Another challenge to beset the export is the tying-in arrangement that the Japanese goods distribution networks has with their indigenous firms and where the exporter cannot break into this channel, the goods will only reach few people.
Consequently, it is either one forgets Japanese market completely or enter through foreign direct investment to be producing goods right there in the country. Some of the world’s financial institutions are built to provide credit facility at a reasonable coupon rate for constructing infrastructure like the World Bank, International Monetary Fund, among others.
But to be at the helm of affairs of these global institutions, you have to be sponsored by the “god-father” nations – U.S. and Europe. If any developing nations must borrow from these bodies, the prime condition must be met – “maintain an open door trade policy with other nation.”
The implication has always been the exposure of the indigenous and fragile industries to unequal competition with existing, thriving large conglomerates from developed world and at the end, the indigenous firms would have wound-up with large workers churned out to the labour market again.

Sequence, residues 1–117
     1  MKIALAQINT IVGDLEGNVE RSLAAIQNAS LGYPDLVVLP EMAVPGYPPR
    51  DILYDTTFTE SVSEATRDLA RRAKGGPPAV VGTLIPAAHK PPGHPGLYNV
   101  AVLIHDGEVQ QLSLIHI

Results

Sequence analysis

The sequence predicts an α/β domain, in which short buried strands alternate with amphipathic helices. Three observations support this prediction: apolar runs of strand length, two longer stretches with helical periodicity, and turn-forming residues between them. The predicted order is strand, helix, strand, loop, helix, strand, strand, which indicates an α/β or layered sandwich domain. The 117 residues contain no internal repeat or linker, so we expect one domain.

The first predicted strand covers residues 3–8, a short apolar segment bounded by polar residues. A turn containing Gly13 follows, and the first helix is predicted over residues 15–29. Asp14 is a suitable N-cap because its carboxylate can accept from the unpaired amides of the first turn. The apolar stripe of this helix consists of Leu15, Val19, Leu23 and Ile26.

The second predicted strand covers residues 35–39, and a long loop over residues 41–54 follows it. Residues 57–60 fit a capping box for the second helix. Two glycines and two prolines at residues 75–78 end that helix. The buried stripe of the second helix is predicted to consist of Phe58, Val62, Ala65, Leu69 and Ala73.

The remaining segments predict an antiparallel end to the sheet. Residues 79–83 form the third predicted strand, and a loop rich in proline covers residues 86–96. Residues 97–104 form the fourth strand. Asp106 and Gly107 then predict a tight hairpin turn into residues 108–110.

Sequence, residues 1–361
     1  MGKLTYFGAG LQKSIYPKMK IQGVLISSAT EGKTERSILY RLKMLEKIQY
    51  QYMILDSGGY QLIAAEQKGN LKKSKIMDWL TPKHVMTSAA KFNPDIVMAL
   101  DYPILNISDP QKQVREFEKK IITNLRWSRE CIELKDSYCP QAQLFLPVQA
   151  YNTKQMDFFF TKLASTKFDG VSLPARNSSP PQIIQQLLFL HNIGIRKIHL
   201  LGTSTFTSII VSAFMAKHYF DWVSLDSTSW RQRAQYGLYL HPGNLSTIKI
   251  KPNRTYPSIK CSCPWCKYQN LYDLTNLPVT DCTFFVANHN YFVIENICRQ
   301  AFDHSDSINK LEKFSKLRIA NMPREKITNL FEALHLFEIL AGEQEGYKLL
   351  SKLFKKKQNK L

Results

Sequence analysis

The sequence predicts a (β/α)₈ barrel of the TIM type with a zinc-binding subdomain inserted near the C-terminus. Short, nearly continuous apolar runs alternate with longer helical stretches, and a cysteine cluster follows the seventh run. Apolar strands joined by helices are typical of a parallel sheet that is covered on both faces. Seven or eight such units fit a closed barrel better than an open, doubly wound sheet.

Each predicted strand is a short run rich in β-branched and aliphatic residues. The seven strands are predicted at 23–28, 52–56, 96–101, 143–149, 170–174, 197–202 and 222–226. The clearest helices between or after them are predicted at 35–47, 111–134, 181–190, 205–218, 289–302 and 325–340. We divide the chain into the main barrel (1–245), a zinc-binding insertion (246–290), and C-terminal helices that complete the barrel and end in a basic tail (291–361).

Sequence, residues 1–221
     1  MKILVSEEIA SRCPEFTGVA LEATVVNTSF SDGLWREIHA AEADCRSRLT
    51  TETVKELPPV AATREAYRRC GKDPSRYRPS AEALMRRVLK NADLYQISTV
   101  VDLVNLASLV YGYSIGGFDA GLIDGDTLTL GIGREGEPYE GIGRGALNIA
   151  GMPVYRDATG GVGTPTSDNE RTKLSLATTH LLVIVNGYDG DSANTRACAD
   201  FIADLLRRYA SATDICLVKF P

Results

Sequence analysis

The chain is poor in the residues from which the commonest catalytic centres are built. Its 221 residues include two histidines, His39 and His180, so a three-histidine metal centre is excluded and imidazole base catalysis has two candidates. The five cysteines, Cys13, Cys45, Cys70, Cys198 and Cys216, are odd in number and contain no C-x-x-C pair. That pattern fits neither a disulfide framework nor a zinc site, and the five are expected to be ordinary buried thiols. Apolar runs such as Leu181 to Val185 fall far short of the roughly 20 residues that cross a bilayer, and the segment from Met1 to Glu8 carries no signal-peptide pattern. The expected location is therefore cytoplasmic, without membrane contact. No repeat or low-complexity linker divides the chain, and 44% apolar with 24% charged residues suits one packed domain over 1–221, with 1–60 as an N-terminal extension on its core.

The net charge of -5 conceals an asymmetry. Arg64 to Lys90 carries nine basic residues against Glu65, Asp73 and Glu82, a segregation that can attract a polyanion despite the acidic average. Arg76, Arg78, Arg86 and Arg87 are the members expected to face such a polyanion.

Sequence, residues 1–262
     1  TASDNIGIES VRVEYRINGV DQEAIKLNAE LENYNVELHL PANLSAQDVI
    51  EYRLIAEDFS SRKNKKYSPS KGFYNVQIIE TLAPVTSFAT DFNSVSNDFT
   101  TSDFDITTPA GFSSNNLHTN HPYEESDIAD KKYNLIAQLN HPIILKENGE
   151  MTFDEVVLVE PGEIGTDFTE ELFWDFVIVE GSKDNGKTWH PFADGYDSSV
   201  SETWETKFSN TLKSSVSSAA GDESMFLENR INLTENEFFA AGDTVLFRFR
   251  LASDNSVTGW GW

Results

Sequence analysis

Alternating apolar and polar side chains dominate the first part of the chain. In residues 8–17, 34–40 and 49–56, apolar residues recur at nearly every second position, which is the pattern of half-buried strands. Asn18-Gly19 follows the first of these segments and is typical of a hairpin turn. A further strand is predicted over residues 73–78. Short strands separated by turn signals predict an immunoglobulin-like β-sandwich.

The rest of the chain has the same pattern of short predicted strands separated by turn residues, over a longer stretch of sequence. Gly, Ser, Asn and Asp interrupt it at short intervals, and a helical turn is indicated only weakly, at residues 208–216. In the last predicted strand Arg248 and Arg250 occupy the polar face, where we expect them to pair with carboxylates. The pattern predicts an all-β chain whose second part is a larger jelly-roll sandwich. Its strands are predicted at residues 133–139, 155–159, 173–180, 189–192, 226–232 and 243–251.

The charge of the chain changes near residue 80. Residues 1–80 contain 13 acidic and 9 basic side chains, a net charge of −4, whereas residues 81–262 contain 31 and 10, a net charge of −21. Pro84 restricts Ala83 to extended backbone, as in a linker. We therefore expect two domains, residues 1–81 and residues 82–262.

Also, at the end of the lending transactions, the little nation would be left with huge financial debt at a cut-throat interest rates.
Nigeria’s way forward, as one of the recipients of the developed nations’ dossiers, are to target and develop the local market, while holistically implementing its agricultural policy to empower farmers, thereby making the sector attractive to the teaming large active workforce.
There should be a deliberate implementation of efficient and effective anti-dumping measures to protect our industries and labour force.
Time to lament over parlous infrastructure should be substituted for sustainable investment to facelift prospects, raise electricity generation level and ensure effective transportation system to enable our goods get to the market at reasonable cost price.
It will also be a time for value re-orientation – changing the consumption pattern of average Nigerian, which seems to tend towards preference for foreign goods to home made goods. We would need to improve on our import contents from more of consumption assets to investment assets.